Fortnite's mechs are good, actually

(Image credit: Epic Games)

I knew how Fortnite's new B.R.U.T.E. mechs would be received before the Season X update went live. It's the same cycle with most additions to the battle royale sandbox. Planes were too beefy, too popular, their machine guns too accurate. Ballers gutted the endgame, allowing players to hold onto their building resources and sit on 200 units of extra HP before joining the fray. Drum guns made defensive building at close range almost impossible. Boxing up and playing edit roulette with a shotgun was a dead tactic against that incessant spray. Who doesn't remember the Infinity Blade?

Now mechs—co-op vehicles with 1000 HP, an automatic shotgun arm, an auto-targeting missile barrage, and the ability to leap up mountains—are forcing players to change their habits, and there's nothing a dedicated Fortnite player hates more than change. Just last Friday #removethemech was one of Twitter's top trending hashtags. The Fortnite subreddits are overflowing with anti-mech memes. Big streamers are pissed. It's a strange stance for a game that's changed almost every week for two years now.

Rather than vault the mechs or nerf them to hell, Epic made some light adjustments to their spawn rate in competitive modes and promised to better telegraph their attacks. Some players are reading the move as ignorance of the community, continued proof of an out-of-touch dev team. The inverse is true: these alleged Fortnite enthusiasts clogging the subreddits with anti-mech memes are just out of touch with Fortnite. 

Just build (new habits)

A pump shotgun is just as dangerous as a mech if you don't have building materials.

Mechs don't represent Epic tossing in whatever sounds cool without a second thought. The loudest players say they have too much health, that it's impossible to properly build against their missile barrage and heavy frames. And it's true. Building defensively against mechs is very difficult, but longtime Fortnite players depend too much on building to think outside their hastily constructed box.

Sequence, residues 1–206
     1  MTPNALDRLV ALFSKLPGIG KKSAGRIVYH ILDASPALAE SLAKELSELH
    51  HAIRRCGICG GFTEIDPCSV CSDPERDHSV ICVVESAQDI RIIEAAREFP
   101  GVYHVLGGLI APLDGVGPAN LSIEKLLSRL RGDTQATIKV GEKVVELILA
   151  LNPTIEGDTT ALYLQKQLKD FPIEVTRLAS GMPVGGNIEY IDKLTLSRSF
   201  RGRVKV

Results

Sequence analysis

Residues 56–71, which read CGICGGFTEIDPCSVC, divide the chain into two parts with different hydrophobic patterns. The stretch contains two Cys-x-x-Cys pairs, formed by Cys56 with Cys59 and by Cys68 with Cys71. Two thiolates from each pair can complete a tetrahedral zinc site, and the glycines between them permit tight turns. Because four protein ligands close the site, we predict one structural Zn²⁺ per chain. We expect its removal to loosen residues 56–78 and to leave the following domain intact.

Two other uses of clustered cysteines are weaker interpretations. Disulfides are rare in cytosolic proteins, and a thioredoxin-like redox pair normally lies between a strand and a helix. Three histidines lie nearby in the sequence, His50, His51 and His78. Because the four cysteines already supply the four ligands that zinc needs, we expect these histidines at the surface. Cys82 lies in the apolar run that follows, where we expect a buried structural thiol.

Mechs are pressure points designed to disrupt existing player habits and change how one goes about getting a Victory Royale. Like airplanes and ballers and drum guns and jetpacks and the Infinity Blade, they represent Epic's desire to prevent Fortnite from becoming a game where building is the only skill that really matters. The mech is a reminder, more painful for some, that smarts are just as important as amazing edits.

Mechs spawn at random, their location visible at all times as they scream in from the sky. They're effectively random points of interest that pull in aggressive players and push away cautious players, little bubbles that warp player pathing and incentivize the stealthier, long distance play I love. 

Rustlord should've been paying closer attention.  (Image credit: Epic Games)

Close encounters clearly favor the mech. It's a big stompy robot with win-button guns. But being big and stompy and dangerous comes at the price of being loud and visible from far across the map. Fortnite has plenty of weapons effective at long distances, and with a target as big as a mech, they're a must in any inventory as of Season X. 

The recent addition of the fully automatic sniper rifle is a near-perfect counter to the things. A full mag does over 500 damage, half the mech's health. A quick reload or change to an AR if they're charging will finish them off or make them think twice about committing. The mech's jumps take a few seconds to charge, which keeps them in place, and dashes are on a short cool down—easy target. Chances are others will join in on the violence too, since anyone not in a mech is at risk of getting stepped on by one. 

By playing more passively and focusing on where the mechs are, I've been able to fare as well as ever. Occasionally I'll stop paying attention and stumble into one of the things, unprepared. I'll take the loss. It's been happening since Fortnite launched, albeit in different shapes and sizes. A pump shotgun is just as dangerous as a mech if you don't have building materials, your own close-range weapon, or a mobility item for repositioning. Sniper rifles still insta-kill me from across the map, the fault of my shallow shield and a lapse in awareness. Lessons learned in every instance. The mech is another battle royale variable like all the others, easier to criticize for its boisterous size and booming sound.